7 Hills launches with $2M SBIR grant
An additional $4 million in seed capital will help new company pursue novel cancer therapeutics
HOUSTON—7 Hills Pharma, a privately-held immunotherapy company focused on development of novel tumor-targeting cell adhesion agents, announced today that it has been awarded a $2-million Small Business Innovation Research (SBIR) grant by the National Institutes of Health (NIH).
This is the second NIH grant awarded to the company for the advancement of its integrin activator. The first grant supported the successful completion of the proof-of-concept study. The SBIR award is based on a competitive federal grant program aimed at supporting scientific excellence and technological innovation. The NIH grant is in addition to $4 million in seed capital provided to 7 Hills from private investors.
“We are honored by the NCI’s support of our important work in making tough-to-treat, non-immunogenic solid tumors more susceptible to antitumor attacks by the immune system and check point inhibitors,” said Dr. Upendra Marathi, president and CEO of 7 Hills. “With this funding and the financial support from our angel investors, we plan to conduct key IND-enabling preclinical studies for our lead compound 7HP349 and related compounds for the treatment of drug resistant tumors with defective T cell-tumor cell adhesion.”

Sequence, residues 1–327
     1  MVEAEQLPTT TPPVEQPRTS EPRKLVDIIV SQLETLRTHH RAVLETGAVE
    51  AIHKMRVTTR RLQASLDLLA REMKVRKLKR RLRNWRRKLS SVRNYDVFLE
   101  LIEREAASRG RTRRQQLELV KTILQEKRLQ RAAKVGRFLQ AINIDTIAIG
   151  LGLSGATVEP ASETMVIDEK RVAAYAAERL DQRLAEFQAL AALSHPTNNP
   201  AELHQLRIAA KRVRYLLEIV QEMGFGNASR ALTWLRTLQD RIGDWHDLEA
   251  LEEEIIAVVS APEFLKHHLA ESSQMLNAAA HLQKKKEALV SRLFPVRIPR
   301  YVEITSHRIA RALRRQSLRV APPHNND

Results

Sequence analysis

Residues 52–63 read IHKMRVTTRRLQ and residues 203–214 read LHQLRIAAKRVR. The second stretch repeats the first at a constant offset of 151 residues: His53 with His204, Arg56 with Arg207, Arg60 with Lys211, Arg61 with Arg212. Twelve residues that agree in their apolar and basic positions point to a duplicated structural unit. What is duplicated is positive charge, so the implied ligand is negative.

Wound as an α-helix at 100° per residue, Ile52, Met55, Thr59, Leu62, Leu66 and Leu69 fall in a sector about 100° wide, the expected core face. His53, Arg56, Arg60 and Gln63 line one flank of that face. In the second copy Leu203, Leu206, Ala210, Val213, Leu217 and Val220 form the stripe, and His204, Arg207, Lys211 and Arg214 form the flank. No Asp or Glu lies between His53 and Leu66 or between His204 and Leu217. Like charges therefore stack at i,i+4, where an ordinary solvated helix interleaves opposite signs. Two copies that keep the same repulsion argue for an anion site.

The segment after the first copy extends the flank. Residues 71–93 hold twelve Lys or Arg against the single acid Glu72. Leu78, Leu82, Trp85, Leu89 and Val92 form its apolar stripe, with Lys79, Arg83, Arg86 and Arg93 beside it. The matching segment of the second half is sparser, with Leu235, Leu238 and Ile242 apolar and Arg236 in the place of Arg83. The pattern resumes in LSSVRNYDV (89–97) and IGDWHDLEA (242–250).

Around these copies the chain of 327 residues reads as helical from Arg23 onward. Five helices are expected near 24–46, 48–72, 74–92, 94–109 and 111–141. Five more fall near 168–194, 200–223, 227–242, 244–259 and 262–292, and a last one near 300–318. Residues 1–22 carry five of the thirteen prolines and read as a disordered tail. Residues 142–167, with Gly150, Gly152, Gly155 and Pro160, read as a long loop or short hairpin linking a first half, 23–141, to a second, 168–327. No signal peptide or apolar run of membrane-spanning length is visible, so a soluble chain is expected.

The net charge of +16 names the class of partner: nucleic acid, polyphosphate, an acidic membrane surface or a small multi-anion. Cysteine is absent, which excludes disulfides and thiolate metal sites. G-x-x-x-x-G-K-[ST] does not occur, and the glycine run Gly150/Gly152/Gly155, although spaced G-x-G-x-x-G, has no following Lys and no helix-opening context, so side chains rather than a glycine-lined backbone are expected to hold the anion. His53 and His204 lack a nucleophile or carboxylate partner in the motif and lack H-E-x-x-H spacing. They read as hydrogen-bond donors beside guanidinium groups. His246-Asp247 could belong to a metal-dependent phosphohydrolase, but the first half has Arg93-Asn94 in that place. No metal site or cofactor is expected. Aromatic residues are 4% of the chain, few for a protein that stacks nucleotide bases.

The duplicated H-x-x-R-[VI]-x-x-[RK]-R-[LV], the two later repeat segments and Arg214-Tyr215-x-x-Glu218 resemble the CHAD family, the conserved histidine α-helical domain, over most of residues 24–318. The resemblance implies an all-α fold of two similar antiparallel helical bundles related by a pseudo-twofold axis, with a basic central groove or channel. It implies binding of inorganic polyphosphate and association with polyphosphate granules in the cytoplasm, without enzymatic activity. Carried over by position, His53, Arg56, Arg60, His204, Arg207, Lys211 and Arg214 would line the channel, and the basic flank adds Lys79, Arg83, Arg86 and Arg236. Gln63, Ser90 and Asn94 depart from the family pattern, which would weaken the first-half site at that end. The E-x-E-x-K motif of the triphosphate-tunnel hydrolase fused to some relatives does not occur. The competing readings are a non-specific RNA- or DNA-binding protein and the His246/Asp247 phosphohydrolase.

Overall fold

“The fundamental problem in disease progression with cancer is that solid tumors evade the immune system by preventing the infiltration, function and ultimate attack of T cells and other tumoricidal immune cells,” said Dr. Darren Woodside, co-founder of 7 Hills and chairman of the NIH Innovative Immunology Research Study Section. “It’s an adhesion problem. We have known that solid tumors create an immunosuppressive microenvironment that prevents killer T cells from adhering to the tumor blood vessel lining and working their way into the tumor to do their job. 7 Hills is optimizing novel integrin activators to address and reverse the inherent tumor protective environment, promoting T-cell destruction of the tumor while maintaining a favorable overall safety profile by leveraging the natural biological mechanism of integrins.”